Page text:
I cannot wait for tomorrow night’s Care Talks. The topic will be “Coping With Grief” and my friend Betty and I will be traveling to Richmond to share about coping with loss and solutions to addiction. Come out if you can!
New police video raises awareness
of area drug crisis
A new hard-hitting short video by the Culpeper Police Department, viewer discretion advised, emphasizes the life-and-death nature of the ongoing drug crisis with its actual body cam footage of a man overdosed on a bathroom floor. Culpeper Police Captain Timothy Chilton is featured next, commenting on the “staggering” level of opioid overdoses in the last few years.
“The heroin crisis has certainly claimed many lives in our community and has forever changed many families,” states Police Chief Chris Jenkins. “The Culpeper Police Department is committed in our efforts to combat this deadly opiate public health crisis. We will continue to provide prevention, education and enforcement and use all available resources at our disposal to fight against this epidemic.” [Read more…] about Culpeper Overdose Awareness Participates in Awareness Campaign
Culpeper County, like others nationwide, launches investigation into
financial burden of opioid epidemic
Culpeper is joining a nationwide trend in launching an investigation into the financial burden of the opioid epidemic upon the county, its budgets and its departments, which could lead to county government filing suit against major drug manufacturers.
Read more of this article by Allison Brophy Champion at the Culpeper Star Exponent
I was grateful to participate in the Voices of Addiction & Recovery Symposium. Co-hosted by the Windmore Foundation for the Arts, it’s goal was to share the challenges that someone with addiction faces and the reality that there is hope – recovery is possible.
The Symposium included a panel discussion with Culpeper Police Captain Tim Chilton, local Medication Assisted Treatment provider Dr. DeRoo, Prevention Specialist Alan Rasmussen with the Rappahannock Rapidan Community Services, and myself, representing Culpeper Overdose Awareness and families who’ve lost a loved one to addiction.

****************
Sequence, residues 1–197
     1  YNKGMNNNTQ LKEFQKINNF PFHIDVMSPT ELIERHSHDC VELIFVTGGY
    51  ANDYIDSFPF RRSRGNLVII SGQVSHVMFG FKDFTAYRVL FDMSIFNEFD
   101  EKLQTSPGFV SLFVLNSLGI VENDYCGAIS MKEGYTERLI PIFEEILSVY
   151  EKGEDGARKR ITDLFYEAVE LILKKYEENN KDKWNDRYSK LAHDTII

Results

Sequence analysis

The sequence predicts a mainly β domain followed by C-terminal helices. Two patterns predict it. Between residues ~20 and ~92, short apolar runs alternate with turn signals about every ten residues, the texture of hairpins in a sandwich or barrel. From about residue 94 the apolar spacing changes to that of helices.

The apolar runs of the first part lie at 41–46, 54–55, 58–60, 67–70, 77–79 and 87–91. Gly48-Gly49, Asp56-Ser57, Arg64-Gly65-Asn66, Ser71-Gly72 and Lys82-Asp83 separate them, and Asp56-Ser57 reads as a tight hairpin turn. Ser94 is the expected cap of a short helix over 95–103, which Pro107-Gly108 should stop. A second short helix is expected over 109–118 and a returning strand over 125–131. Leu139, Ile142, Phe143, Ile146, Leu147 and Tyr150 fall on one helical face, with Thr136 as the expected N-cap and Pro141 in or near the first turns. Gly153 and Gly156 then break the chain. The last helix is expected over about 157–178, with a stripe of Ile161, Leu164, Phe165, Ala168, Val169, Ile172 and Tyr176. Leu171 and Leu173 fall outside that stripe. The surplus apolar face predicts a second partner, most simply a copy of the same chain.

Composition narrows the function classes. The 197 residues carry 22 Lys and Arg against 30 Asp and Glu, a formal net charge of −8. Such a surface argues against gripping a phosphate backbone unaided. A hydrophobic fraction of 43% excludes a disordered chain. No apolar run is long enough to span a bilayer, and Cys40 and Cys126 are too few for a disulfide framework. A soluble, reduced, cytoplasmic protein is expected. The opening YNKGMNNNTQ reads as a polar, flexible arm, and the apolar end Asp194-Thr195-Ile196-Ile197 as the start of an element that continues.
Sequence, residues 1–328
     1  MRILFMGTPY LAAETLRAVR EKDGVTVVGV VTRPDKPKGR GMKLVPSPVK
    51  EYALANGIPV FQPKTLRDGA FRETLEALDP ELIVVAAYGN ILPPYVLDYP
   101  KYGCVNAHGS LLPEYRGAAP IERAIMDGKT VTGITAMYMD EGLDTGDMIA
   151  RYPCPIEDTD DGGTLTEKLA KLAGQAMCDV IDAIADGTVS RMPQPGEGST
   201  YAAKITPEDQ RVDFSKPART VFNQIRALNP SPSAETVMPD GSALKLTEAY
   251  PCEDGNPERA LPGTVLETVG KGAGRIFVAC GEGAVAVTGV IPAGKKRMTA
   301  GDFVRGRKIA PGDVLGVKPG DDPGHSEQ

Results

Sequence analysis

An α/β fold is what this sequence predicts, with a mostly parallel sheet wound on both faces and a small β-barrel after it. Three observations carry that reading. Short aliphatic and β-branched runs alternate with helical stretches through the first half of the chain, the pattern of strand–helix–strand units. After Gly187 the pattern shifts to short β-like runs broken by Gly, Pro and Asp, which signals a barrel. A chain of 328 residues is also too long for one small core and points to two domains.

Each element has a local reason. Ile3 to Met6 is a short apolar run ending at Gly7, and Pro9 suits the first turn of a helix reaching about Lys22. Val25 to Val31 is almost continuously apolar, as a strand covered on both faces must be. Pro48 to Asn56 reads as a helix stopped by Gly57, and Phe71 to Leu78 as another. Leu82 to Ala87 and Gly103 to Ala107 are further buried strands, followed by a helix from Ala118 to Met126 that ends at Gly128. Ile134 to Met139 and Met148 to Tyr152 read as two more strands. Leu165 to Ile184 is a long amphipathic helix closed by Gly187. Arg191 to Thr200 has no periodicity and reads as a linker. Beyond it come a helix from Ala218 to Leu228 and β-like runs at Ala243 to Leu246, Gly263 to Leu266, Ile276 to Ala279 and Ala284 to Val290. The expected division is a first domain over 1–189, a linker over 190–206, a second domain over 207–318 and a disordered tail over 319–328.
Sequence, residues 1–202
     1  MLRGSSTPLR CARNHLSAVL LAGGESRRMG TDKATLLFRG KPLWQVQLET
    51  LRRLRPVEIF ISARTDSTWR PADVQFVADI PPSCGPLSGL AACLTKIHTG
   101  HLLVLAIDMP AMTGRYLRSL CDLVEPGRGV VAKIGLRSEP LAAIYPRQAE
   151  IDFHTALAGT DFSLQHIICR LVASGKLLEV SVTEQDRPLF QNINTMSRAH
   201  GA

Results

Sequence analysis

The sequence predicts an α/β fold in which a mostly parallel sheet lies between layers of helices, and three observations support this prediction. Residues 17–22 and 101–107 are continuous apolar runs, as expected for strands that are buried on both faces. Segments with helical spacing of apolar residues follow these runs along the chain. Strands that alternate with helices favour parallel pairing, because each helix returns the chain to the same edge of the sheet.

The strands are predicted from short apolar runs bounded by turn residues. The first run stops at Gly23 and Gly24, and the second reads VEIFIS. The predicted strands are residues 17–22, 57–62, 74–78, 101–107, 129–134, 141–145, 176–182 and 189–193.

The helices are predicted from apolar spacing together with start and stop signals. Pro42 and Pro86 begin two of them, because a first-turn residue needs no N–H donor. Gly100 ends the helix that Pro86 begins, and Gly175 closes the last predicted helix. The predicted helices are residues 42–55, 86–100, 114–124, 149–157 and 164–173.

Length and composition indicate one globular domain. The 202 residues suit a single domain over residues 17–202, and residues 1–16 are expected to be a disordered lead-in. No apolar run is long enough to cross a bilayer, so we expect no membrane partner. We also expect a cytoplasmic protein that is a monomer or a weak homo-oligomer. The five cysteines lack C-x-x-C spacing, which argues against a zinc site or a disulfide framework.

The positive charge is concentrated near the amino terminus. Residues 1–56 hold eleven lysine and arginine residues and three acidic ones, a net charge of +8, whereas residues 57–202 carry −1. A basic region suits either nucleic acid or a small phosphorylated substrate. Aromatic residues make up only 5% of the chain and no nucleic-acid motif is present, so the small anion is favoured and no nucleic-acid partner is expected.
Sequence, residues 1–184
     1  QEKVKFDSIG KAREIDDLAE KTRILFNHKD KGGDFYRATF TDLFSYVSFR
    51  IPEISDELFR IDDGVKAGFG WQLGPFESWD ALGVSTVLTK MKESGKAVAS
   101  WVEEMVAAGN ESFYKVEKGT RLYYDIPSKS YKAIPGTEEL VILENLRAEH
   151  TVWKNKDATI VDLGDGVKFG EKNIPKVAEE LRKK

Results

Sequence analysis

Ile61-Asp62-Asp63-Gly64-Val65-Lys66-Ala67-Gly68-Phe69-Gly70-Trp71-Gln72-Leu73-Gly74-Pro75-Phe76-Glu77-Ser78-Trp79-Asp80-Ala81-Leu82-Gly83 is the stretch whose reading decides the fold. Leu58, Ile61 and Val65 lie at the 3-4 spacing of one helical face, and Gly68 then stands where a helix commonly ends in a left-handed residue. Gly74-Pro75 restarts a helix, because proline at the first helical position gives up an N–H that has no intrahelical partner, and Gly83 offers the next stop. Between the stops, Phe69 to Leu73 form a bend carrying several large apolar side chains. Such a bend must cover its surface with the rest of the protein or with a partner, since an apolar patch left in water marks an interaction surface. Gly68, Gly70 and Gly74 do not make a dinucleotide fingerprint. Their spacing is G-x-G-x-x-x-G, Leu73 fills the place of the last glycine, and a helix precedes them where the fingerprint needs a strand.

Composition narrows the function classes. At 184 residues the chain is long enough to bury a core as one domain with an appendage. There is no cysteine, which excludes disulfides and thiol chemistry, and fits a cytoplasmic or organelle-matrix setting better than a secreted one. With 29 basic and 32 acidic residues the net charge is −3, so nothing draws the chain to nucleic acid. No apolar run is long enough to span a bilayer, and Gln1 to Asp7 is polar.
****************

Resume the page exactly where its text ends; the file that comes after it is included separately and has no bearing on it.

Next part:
Interspersed among panel discussions were readings of poetry that convey the struggle and depth of pain addiction brings. Community member Ralisha Banks read a poem she authored, “She Is Me,” sharing her experience of growing up in a home with abuse and drug addiction, a pattern that showed up in her own adult life. Her words were the most powerful of the night.
A display of art made by folks in recovery or still struggling with drug abuse was on display, and community resources were on hand for everyone to take.
Read the full story by Allison Brophy Champion at The Culpeper Star Exponent.
*All photos by Allison Brophy Champion
I was privileged to share Joe’s story with the Epidemic Intelligence Council (EpIC) . . .
EPiC was developed by Orange County Department of Social Services Director Crystal Hale in an attempt to bring together people from a cross-section of different disciplines and professions within the community to discuss the opioid epidemic.
“We know there is a problem and things are being done, but I think capturing what exactly is being done and identifying what’s not being done might be a good start,” Hale said.
The average age of patients for all overdose calls in Orange County is 40 years old, and the average age range of deaths due to opioids in the county is 35 to 44.
According to a map produced by the Virginia Department of Health, Orange, Culpeper and Fauquier counties have the highest fentanyl and/or heroin overdose mortality rates in the state.
Read the full article from the Orange County Review HERE
Now three months after his death, we have received Joseph’s toxicology results from the medical examiner’s office.
Honestly, I was shockedby the results: cocaine/fentanyl poisoning. The assumption was that Joseph died because of heroin. But none was found in his system. Fentanyl is everywhere, it can be in anything. Read the full story HERE
Heroin heartbreak: Culpeper mom speaking out after son died from overdose
RAISING AWARENESS – BREAKING DOWN STIGMA – STARTING A CONVERSATION
That’s why I share about Joe, about his (unknown to me) addiction, about his death.
It’s not easy to say “my son used drugs”, but its necessary. And losing two young men I loved within days of each other made it all the more necessary . . . .
REVA—A pair of boyhood friends in their 20s recently died from heroin overdoses within days of each other in Culpeper—a county that officials describe as being at the epicenter of the region’s persistent opioid scourge.
One young man, age 24, worked and had his own business, but had struggled with addiction before it took his life. He left behind a family struggling with the loss.
The other young man—23-year-old Joe Fleming, his friend since they went to youth group together—worked two jobs and had a family and friends who loved him, including his mother, who now wants to break the stigma of opioid addiction impacting families here and everywhere. Dee Fleming intends to cast a light in a dark place.
“I feel a deep burden to talk about these kids,” said the 47-year-old mother, wife and local librarian. “I feel like the more we talk about it and are open about it, the more somebody will say, ‘Yeah, I’m struggling,’ because I think there is such a shame attached to it. We just have to break that down and be willing to let this be a normal part of our conversations because it is a normal part of so many lives.”
Read the full article by Allison Brophy Champion at the Free Lance Star